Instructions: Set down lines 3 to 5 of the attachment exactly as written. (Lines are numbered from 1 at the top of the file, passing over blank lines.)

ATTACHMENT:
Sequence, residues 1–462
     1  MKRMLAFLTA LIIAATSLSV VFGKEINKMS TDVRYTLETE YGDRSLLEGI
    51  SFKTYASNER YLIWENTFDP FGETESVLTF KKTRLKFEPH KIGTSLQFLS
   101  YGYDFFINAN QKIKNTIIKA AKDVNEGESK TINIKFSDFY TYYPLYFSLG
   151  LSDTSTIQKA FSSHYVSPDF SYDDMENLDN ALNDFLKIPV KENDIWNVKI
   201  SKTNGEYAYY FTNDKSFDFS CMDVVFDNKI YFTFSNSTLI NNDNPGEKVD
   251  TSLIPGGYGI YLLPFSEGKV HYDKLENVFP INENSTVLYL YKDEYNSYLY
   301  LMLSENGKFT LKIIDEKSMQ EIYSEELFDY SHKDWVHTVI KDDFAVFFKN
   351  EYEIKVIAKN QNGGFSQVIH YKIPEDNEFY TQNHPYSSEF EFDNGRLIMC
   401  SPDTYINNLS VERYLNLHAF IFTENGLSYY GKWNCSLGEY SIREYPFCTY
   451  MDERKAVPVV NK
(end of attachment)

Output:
    51  SFKTYASNER YLIWENTFDP FGETESVLTF KKTRLKFEPH KIGTSLQFLS
   101  YGYDFFINAN QKIKNTIIKA AKDVNEGESK TINIKFSDFY TYYPLYFSLG
   151  LSDTSTIQKA FSSHYVSPDF SYDDMENLDN ALNDFLKIPV KENDIWNVKI